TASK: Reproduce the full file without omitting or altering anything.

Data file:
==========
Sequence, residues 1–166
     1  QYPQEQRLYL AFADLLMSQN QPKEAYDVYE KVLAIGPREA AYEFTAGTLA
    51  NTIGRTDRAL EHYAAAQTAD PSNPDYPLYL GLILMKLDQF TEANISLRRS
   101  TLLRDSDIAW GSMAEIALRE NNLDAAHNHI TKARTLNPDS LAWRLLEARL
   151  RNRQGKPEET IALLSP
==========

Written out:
Sequence, residues 1–166
     1  QYPQEQRLYL AFADLLMSQN QPKEAYDVYE KVLAIGPREA AYEFTAGTLA
    51  NTIGRTDRAL EHYAAAQTAD PSNPDYPLYL GLILMKLDQF TEANISLRRS
   101  TLLRDSDIAW GSMAEIALRE NNLDAAHNHI TKARTLNPDS LAWRLLEARL
   151  RNRQGKPEET IALLSP